Funding Boost for floodplain restoration

Kirsty Nutt

Friday 15 November 2019

Lapwing Vanellus vanellus, adult with wings raised, Geltsdale RSPB reserve, Cumbria

Funding Boost to make marsh a better home for threatened birds

The RSPB is today celebrating a £24,379.00 funding boost from SUEZ Communities Trust for their Insh Marshes Floodplain Restoration 2019 project.

The project will work to restore areas of floodplain grazing marsh at RSPB Insh Marshes nature reserve for the benefit of its wildlife particularly breeding wading birds.

This increasingly rare habitat is an important home for wading birds such as curlew, lapwing, redshank and snipe that are declining across most of the UK.

The funding will support creating more open marsh through removing encroaching scrub and trees, cutting areas of dense vegetation that livestock won’t eat and providing fencing and other equipment to allow grazing to be targeted in certain areas.

All these actions are designed to create a mosaic of vegetation to help wading birds thrive – short vegetation and muddy patches are perfect for chicks to feed in, while areas of longer vegetation are needed to hide a nest – and an open landscape as wading birds won’t nest near trees. The management will also benefit other wildlife including the rare zircon reed beetle and plants such as cowbane and string sedge which is only found at two sites in Scotland.

Pete Moore, RSPB Scotland’s warden who is looking after the Insh Marshes Floodplain Restoration Project, said: “We are really grateful to SUEZ Communities Trust for funding for this management work. Insh Marshes is said to be one of the most important wetland areas in Europe and is an important home for rare and threatened wildlife including curlews and lapwings. We’re excited to be able to use this funding to restore more of the marsh that they and other species rely on.”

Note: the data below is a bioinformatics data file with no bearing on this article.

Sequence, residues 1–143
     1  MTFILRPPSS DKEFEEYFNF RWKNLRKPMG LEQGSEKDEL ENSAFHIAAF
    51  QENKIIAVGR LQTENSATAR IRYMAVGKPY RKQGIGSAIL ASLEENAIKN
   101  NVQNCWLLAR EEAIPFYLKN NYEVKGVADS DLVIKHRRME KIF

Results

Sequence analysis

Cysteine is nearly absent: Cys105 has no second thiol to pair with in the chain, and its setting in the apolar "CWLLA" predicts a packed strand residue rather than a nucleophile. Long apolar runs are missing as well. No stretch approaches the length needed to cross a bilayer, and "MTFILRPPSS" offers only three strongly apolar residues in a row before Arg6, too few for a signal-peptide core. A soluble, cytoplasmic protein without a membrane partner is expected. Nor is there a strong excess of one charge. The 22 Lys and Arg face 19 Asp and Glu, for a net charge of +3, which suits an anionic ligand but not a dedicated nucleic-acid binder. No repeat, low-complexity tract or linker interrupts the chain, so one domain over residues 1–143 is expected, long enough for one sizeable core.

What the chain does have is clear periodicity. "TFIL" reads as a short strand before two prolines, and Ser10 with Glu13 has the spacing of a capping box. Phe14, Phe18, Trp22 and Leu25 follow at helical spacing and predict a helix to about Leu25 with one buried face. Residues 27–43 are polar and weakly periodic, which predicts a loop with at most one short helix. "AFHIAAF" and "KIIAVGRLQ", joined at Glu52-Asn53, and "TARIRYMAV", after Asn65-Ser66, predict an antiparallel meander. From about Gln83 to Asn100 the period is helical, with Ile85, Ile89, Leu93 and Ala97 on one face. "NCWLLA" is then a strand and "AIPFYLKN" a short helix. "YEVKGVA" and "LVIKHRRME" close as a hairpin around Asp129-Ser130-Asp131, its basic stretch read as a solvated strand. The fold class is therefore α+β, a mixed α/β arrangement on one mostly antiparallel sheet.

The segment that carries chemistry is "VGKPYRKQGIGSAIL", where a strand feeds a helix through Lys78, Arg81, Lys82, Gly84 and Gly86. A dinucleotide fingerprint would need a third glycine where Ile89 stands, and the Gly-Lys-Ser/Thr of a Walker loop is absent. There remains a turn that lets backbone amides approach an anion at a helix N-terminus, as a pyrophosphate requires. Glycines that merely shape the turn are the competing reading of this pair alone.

Marek Gordon, Chairman of SUEZ Communities Trust, added: “SUEZ Communities Trust provides funding awards through the Scottish Landfill Communities Fund. We were delighted to be able to offer funding to RSPB Scotland.”



Notes to the editor

For information on how to apply for funding visit For media enquiries please email or call 01934 524013.


Photos to support this story are available for download by clicking here. They should be credited to the photographer and only used in relation to this story.


SUEZ Communities Trust

SUEZ Communities Trust is an independent funding body set up in 1997 to provide funding through the Landfill Communities Fund and Scottish Landfill Communities Fund. SUEZ Communities Trust supports projects using tax credits donated by SUEZ Recycling and Recovery UK. SUEZ Communities Trust funds improve vital public recreation facilities such as village halls, community centres, sport, heritage, green spaces and play areas.


Scottish Landfill Tax and the Scottish Landfill Communities Fund

The Scottish Landfill Communities Fund (SLCF) is a tax credit scheme, linked to Scottish Landfill Tax that encourages landfill site operators to provide contributions to approved bodies, who can then pass the funds onto community and environmental projects. The SLCF only applies to Scottish Landfill Tax (SLfT) and not to UK Landfill Tax, as it replaced the UK scheme in Scotland on 1st April 2015.

For more scheme information please visit


RSPB Scotland

RSPB Scotland is part of the RSPB, the UK’s largest nature conservation charity, inspiring everyone to give nature a home. Together with our partners, we protect threatened birds and wildlife so our towns, coast and countryside will teem with life once again. We play a leading role in BirdLife International, a worldwide partnership of nature conservation organisations.

The Royal Society for the Protection of Birds (RSPB) is a registered charity: England and Wales no. 207076, Scotland no. SC037654



Last Updated: Monday 18 November 2019

Tagged with: Country: Scotland Topic: Birds Topic: Conservation Topic: Curlew Topic: Lapwing Topic: Redshank Topic: Snipe Topic: Grassland Topic: Wetland Topic: Birds and wildlife Topic: General Topic: Habitat conservation Topic: Reserves Topic: Insh Marshes